‘I opened this book with high expectations. They have been admirably fulfilled.  Here we have a stand alone thriller about two lonely people who pursue a relationship of monthly weekends together in remote spots.  Suddenly one of these two fails to get to the rendezvous-vous and the other realises how very limited her knowledge of her  companion is . . . Gradually the reader pieces together some of the facts as an atmosphere of rising tension envelops everything. The intelligent way Jay, Lisa and others plan their actions is enjoyable and the suspense of the tale is palpable.’


World’s Classics

Posted on May 21, 2009 in travel, World's Classics | No Comments

Last Saturday I went to a book sale in the Methodist Hall in the next village. It was in aid of an African charity and the books had been donated (I’d given a bagful myself). Pricing was simple. Hardbacks £1, paperbacks 50p. Thus it was that I acquired World’s Classics editions of JANE EYRE, THE MILL ON THE FLOSS, CRANFORD and a collection of Father Brown stories for far less that I’d have paid in a second hand bookshop. Don’t I already have other editions of these works? Yes, I do, except for THE MILL ON THE FLOSS, but it’s always worth having a World’s Classic edition. They are the epitome of portability. These little blue hardback books, published for decades by Oxford University Press, measure about 6 by 4 inches and are printed on thin paper. They combined legibility, elegance and lightness. My copy of MIDDLEMARCH weighs 9 ozs, Beat that. They are such convenient little books, so small they are easy to read in bed – no propping up unwieldy volumes. They are perfect for taking on holiday or on any long trip. The first time my husband went on a working trip to China I put Trollope’s THE WAY WE LIVE NOW in his suitcase and it kept him going through long evenings in his hotel room in Harbin and through sleepless jet-lagged nights. The next time it was PHINEAS FINN.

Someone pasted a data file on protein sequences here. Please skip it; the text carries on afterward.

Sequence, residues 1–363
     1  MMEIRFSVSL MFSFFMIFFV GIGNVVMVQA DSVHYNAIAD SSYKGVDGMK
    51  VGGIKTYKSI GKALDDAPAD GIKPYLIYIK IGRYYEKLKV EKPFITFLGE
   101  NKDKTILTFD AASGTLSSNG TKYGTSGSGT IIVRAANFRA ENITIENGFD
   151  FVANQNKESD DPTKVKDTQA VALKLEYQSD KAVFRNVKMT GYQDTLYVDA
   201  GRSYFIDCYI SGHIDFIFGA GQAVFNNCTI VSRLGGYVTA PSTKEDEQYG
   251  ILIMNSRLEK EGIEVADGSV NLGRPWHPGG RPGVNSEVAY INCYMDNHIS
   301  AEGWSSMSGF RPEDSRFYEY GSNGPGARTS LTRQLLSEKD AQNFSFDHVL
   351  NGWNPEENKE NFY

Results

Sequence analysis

I often pack one at the last minute just as backup. Who knows, I might get held up at an airport or – horror of horrors – simply run out of things to read and why risk that when I can slip a World’s Classics edition of PRIDE AND PREJUDICE or PORTRAIT OF A LADY into a corner of my bag. It’s the reader’s equivalent of the hiker’s slab of Kendal Mint Cake.

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